Why I Am a Humanist

Why do our readers (some of them at least) identify themselves as humanists? In what we hope will be the first in a series, Elka Enola tells her story. We invite other humanists to do the same.

Why do our readers (some of them at least) identify themselves as humanists? In what we hope will be the first in a series, Elka Enola tells her story. We invite other humanists to do the same.

From a very early age, the separate paths of Ideas and Values led me to Secular Humanism. Ideas defined how and what I thought, while Values determined how I behaved. But it’s really not so clear cut, because I think that there is a genetic component in how critically we can think, the degree to which we can comprehend complex ideas and the kind of questions we ask. I also think there is a genetic preferencing in creating our value structure.

Without a doubt, by age 5, I was an atheist. I also concluded that I was on my own.  I had to figure the world out myself.  Adults were of no use.

I was probably an atheist from a very young age, when I learned the words why? and how? My family were extremely poor illiterate Jews who came from Russia in the early 1920s. The religion they practiced was entrenched in superstition and misogyny. I stopped asking questions like, “If God is everywhere, why do we have to go to the synagogue?” or “If God knows everything, he knows what I think, so why do I have to pray?” or “Why is Sidney (my brother) more important than me?” I also noted that in our community, there were no voluntarily unmarried people. By the age of 5, I ceased asking adults anything other than practical things like, ”What time is it?” or “Do I need a sweater outside today?”

Without a doubt, by age 5, I was an atheist. I also concluded that I was on my own. I had to figure the world out myself. Adults were of no use.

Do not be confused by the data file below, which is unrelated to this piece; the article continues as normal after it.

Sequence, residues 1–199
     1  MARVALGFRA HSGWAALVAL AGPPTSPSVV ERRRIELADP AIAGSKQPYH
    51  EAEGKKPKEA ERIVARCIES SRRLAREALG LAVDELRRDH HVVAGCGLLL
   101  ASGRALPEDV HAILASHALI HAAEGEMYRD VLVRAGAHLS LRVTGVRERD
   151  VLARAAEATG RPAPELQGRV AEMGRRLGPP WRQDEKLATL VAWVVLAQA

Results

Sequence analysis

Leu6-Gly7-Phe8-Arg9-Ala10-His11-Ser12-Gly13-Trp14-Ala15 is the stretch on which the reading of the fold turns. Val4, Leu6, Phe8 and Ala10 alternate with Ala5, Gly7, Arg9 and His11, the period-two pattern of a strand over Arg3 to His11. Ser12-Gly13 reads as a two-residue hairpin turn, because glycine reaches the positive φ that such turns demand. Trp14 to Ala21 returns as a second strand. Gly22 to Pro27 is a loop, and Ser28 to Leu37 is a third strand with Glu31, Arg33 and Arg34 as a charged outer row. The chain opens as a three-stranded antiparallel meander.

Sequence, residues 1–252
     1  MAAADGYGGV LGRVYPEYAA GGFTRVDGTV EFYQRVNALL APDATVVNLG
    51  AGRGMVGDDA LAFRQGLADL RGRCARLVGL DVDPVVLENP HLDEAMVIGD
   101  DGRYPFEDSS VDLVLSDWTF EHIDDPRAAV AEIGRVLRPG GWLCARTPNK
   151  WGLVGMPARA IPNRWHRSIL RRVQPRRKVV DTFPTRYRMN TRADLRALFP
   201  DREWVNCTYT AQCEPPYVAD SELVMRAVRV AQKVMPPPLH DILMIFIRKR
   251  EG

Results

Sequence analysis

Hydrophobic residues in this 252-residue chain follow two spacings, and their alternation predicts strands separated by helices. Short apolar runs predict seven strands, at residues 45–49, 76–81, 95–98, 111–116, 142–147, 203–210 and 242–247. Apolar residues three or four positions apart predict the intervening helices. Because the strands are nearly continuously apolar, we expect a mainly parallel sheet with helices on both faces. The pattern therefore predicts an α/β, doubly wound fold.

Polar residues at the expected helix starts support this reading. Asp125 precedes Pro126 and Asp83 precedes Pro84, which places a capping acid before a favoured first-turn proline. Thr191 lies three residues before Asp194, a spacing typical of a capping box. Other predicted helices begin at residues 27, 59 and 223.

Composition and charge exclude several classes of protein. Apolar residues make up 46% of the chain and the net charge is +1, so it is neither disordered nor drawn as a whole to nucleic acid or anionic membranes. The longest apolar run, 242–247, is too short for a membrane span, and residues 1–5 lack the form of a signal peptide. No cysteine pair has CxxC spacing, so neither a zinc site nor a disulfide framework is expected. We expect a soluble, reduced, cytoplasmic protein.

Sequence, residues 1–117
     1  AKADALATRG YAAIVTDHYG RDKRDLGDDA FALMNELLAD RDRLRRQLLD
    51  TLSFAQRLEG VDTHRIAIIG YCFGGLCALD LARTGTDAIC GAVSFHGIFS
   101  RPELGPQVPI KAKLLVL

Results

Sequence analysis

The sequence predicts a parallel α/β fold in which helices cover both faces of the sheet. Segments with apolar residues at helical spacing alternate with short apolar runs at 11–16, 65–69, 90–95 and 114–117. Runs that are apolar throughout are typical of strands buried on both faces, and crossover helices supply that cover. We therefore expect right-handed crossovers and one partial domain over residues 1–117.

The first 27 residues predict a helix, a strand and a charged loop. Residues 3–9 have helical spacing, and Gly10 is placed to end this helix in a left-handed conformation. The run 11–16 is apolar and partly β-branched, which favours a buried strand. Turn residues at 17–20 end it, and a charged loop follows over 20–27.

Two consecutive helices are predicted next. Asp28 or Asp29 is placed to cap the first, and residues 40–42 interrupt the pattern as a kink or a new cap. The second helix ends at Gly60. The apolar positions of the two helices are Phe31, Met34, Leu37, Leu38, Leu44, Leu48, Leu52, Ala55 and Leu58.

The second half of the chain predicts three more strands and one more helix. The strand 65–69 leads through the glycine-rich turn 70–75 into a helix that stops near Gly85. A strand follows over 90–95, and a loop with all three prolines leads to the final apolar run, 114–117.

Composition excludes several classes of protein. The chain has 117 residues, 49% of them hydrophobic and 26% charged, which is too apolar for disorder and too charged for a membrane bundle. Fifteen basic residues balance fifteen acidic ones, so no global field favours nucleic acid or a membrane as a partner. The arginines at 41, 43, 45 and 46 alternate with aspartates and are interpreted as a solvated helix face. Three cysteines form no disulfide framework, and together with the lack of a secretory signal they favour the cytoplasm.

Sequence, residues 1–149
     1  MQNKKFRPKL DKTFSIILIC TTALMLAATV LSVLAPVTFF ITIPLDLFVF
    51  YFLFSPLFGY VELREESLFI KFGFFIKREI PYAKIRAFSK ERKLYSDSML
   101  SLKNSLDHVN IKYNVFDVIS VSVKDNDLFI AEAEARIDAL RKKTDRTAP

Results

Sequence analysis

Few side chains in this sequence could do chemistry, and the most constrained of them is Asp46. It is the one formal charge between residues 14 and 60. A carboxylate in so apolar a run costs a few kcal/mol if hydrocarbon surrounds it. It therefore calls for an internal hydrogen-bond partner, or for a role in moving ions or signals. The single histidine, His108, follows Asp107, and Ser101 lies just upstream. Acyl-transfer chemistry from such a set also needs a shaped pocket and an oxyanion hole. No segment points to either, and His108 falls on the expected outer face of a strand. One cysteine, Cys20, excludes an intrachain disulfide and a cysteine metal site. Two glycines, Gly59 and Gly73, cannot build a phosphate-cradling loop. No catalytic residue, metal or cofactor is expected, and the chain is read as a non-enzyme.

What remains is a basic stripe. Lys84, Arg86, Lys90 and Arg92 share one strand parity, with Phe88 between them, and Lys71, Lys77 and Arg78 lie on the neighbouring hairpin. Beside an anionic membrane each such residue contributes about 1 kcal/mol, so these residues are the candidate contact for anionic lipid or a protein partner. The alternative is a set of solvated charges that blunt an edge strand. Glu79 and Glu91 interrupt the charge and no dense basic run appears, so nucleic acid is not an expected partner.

My mother’s side of the family was very different from my father’s side, and here we find both genetic fact and supposition. The fact is that my mother’s side was not very smart, but my father’s side was. Also, my mother’s side was selfish and at times downright cruel. My father’s side, however, was the opposite. They were extraordinarily kind, generous and empathetic. My older brother and younger sister took after my mother’s side in both intelligence and behavior. I took after my father’s side in both intelligence and behavior.

Elka Enola

Elka Enola

In my entire life, I never knew my mother or her family or my brother or sister to voluntarily make a donation or help someone in need. Empathy and helping others was standard behavior in my father’s family. Three examples:

My father was an upholsterer. I was with him when he agreed to a job reupholstering booths in a small restaurant. A few minutes later, he was approached by someone who offered him a huge prestigious job which he refused. I asked him, “Why did you refuse? You could cancel the other job, you didn’t sign anything.” He looked at me aghast and said, “But I gave my word.”